I have established the ENT Advanced Practice Provider (APP) Education Task Force, chaired by Karen T. Pitman, MD, and Peter D. Costantino, MD. It is made up of Members and ENT physician assistants interested in exploring education opportunities unique to this audience. I am grateful to the Society of Physician Assistants in Otorhinolaryngology/Head and Neck Surgery (SPAO-HNS) for supporting our Foundation in this very important endeavor. I have every confidence that this task force will put together a comprehensive ENT APP curriculum, utilizing many Academy resources. Establishing such an educational outline will really help our Members as they seek to incorporate APPs into their practices, and dovetail into our initiative to offer associate membership to ENT PAs.

The huge Academy project this year is the creation and implementation of our Qualified Clinical Data Registry (QCDR), RegentSM. This is a Herculean task that has been spearheaded by the Foundation’s coordinator for Research and Quality, Lisa E. Ishii, MD, MHS, and EVP/CEO James C. Denneny III, MD, with the help of dedicated Academy staff and physician volunteers Richard M. Rosenfeld, MD, MPH, David L. Witsell, MD, MHS, Robert R. Lorenz, MD, MBA, Jennifer Shin, MD, SM, David R. Nielsen, MD, and Rodney P. Lusk, MD. It has moved from an idea to near-shovel-ready in under a year. The vendor (FIGmd, Inc.) for the interface between physician EMRs and Regent has been engaged, the data dictionary has been populated, and QCDR and PQRS Qualified Registry submissions were delivered to CMS in January. It will roll out by this spring at 38 pilot sites representing all types of ENT practices.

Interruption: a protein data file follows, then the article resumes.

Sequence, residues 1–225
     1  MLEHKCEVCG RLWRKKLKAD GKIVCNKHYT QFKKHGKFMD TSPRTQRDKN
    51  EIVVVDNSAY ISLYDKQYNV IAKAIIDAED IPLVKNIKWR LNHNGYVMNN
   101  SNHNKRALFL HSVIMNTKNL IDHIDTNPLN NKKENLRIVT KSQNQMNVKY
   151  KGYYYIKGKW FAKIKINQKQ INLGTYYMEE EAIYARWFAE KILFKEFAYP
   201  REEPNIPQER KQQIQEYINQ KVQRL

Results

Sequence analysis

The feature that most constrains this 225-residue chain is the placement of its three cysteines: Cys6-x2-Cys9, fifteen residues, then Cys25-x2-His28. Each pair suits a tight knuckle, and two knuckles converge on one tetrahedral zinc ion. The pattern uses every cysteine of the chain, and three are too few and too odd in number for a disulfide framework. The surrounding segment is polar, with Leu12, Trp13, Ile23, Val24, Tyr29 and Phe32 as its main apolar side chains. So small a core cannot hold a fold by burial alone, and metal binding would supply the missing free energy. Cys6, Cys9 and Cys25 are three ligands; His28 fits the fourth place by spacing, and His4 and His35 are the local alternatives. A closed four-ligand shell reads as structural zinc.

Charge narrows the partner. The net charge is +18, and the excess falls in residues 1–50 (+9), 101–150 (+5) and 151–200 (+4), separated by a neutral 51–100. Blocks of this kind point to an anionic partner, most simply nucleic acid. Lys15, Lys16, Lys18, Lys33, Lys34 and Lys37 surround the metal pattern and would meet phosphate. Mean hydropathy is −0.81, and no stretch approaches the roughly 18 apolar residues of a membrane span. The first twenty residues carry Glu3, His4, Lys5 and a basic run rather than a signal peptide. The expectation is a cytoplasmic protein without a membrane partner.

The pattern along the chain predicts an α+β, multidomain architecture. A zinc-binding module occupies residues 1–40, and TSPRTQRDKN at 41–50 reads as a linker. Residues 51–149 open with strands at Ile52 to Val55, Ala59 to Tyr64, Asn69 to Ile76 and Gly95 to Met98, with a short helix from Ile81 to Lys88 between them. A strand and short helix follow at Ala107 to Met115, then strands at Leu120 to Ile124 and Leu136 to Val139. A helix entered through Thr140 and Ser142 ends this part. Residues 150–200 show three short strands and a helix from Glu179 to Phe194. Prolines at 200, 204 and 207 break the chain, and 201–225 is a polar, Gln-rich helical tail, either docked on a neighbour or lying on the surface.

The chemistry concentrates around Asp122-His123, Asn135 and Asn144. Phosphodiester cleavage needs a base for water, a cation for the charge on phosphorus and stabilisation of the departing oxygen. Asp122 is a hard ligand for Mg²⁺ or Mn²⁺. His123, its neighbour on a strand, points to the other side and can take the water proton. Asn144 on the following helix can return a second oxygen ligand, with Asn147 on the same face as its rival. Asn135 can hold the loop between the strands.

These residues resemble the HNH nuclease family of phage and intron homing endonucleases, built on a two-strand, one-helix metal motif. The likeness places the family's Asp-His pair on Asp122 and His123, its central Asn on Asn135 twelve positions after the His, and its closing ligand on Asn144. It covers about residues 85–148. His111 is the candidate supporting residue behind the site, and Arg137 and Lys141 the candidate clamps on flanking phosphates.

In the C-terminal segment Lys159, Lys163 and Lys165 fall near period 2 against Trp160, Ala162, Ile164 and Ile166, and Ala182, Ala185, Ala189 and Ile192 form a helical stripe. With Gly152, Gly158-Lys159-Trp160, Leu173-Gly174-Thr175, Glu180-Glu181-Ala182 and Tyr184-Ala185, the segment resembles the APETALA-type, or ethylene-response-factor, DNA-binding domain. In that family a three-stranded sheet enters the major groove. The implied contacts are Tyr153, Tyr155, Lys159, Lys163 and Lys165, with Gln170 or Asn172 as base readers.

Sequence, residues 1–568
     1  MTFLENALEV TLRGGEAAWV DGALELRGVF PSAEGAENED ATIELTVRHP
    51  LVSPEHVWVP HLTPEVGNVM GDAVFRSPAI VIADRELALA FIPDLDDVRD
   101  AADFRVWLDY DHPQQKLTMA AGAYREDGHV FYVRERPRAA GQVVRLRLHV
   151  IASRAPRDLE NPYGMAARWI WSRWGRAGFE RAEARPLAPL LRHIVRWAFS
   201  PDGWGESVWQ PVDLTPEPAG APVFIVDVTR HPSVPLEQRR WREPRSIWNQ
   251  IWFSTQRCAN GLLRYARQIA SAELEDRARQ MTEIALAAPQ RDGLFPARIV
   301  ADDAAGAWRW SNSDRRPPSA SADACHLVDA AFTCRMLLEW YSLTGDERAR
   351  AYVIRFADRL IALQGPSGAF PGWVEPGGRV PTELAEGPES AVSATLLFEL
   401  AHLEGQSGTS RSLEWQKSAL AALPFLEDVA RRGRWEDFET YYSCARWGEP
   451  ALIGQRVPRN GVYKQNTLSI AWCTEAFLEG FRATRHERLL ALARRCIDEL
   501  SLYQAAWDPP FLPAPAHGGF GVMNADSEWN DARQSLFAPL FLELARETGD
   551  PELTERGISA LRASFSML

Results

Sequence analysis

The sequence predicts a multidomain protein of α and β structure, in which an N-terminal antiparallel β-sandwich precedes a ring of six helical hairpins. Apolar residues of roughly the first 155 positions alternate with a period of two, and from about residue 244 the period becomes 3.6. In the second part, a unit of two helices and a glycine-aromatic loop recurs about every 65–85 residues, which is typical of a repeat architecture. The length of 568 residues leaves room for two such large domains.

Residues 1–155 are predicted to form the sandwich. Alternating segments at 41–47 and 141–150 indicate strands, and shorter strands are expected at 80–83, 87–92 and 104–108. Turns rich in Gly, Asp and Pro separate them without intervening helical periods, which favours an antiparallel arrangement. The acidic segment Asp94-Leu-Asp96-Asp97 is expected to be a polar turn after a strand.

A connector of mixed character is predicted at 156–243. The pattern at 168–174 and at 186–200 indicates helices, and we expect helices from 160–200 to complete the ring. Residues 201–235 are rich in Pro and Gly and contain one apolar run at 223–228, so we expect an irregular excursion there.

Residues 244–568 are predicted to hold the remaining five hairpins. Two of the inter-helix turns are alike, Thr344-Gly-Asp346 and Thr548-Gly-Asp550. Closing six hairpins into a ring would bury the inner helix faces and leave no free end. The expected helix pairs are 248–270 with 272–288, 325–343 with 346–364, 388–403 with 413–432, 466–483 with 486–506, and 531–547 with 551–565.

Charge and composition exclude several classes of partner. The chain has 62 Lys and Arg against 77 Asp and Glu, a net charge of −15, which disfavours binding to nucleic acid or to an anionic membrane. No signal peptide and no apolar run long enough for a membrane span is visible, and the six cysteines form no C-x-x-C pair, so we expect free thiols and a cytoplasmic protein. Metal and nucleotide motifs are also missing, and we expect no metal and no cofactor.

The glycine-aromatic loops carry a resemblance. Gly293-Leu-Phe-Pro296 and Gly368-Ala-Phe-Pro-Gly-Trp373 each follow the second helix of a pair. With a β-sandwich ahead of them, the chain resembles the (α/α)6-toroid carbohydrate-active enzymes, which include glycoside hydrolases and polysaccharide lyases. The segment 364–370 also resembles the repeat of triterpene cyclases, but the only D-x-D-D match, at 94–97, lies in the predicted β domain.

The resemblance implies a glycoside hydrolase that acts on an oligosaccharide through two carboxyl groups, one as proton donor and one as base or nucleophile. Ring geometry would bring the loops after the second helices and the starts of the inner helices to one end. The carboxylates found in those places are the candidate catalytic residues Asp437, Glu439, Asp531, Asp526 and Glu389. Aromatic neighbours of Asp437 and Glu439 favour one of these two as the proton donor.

The reason to establish our own registry is to take control of our own measures, so that otolaryngologists are assessed using meaningful criteria. Quality improvement triangulates between Clinical Practice Guidelines (CPGs), which define quality, the data registry, which tracks quality, and Performance Measures, which assess quality. The Performance Measures development task force consists of Dr. Rosenfeld (chair), Dr. Ishii, Dr. Denneny, Jane T. Dillon, MD, MBA, Julie L. Goldman, MD, Richard V. Smith, MD,